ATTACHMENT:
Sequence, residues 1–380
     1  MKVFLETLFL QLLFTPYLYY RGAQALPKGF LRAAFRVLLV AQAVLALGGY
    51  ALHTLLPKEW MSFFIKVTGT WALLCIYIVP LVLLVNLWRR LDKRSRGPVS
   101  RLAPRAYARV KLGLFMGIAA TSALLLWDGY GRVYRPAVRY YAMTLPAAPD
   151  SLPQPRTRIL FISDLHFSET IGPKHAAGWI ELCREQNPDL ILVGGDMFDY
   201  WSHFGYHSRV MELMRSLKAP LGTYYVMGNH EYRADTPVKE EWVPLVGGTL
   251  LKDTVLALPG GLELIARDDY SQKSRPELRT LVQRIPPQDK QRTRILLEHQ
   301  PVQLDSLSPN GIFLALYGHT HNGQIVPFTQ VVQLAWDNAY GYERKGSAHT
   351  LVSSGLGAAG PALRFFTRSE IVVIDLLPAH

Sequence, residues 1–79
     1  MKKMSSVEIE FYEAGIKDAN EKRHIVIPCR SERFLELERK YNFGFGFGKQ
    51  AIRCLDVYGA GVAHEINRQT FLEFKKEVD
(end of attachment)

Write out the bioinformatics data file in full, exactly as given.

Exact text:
Sequence, residues 1–380
     1  MKVFLETLFL QLLFTPYLYY RGAQALPKGF LRAAFRVLLV AQAVLALGGY
    51  ALHTLLPKEW MSFFIKVTGT WALLCIYIVP LVLLVNLWRR LDKRSRGPVS
   101  RLAPRAYARV KLGLFMGIAA TSALLLWDGY GRVYRPAVRY YAMTLPAAPD
   151  SLPQPRTRIL FISDLHFSET IGPKHAAGWI ELCREQNPDL ILVGGDMFDY
   201  WSHFGYHSRV MELMRSLKAP LGTYYVMGNH EYRADTPVKE EWVPLVGGTL
   251  LKDTVLALPG GLELIARDDY SQKSRPELRT LVQRIPPQDK QRTRILLEHQ
   301  PVQLDSLSPN GIFLALYGHT HNGQIVPFTQ VVQLAWDNAY GYERKGSAHT
   351  LVSSGLGAAG PALRFFTRSE IVVIDLLPAH

Sequence, residues 1–79
     1  MKKMSSVEIE FYEAGIKDAN EKRHIVIPCR SERFLELERK YNFGFGFGKQ
    51  AIRCLDVYGA GVAHEINRQT FLEFKKEVD